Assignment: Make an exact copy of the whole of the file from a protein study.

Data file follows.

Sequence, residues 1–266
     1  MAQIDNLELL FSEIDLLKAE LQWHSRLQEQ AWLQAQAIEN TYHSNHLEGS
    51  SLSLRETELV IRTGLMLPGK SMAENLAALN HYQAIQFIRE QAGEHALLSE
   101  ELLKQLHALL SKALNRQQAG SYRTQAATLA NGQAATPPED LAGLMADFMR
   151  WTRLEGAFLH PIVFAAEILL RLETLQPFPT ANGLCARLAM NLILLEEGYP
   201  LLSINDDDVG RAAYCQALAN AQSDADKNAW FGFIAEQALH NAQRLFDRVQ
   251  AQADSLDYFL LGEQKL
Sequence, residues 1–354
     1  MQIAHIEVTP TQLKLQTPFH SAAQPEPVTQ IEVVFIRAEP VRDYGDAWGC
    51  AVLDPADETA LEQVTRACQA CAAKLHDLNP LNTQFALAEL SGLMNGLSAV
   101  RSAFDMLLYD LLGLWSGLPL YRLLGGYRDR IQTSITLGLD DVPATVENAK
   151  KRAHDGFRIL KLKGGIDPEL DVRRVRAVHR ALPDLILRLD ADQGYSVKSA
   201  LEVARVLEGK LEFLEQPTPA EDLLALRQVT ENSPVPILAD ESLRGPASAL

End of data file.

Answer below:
Sequence, residues 1–266
     1  MAQIDNLELL FSEIDLLKAE LQWHSRLQEQ AWLQAQAIEN TYHSNHLEGS
    51  SLSLRETELV IRTGLMLPGK SMAENLAALN HYQAIQFIRE QAGEHALLSE
   101  ELLKQLHALL SKALNRQQAG SYRTQAATLA NGQAATPPED LAGLMADFMR
   151  WTRLEGAFLH PIVFAAEILL RLETLQPFPT ANGLCARLAM NLILLEEGYP
   201  LLSINDDDVG RAAYCQALAN AQSDADKNAW FGFIAEQALH NAQRLFDRVQ
   251  AQADSLDYFL LGEQKL
Sequence, residues 1–354
     1  MQIAHIEVTP TQLKLQTPFH SAAQPEPVTQ IEVVFIRAEP VRDYGDAWGC
    51  AVLDPADETA LEQVTRACQA CAAKLHDLNP LNTQFALAEL SGLMNGLSAV
   101  RSAFDMLLYD LLGLWSGLPL YRLLGGYRDR IQTSITLGLD DVPATVENAK
   151  KRAHDGFRIL KLKGGIDPEL DVRRVRAVHR ALPDLILRLD ADQGYSVKSA
   201  LEVARVLEGK LEFLEQPTPA EDLLALRQVT ENSPVPILAD ESLRGPASAL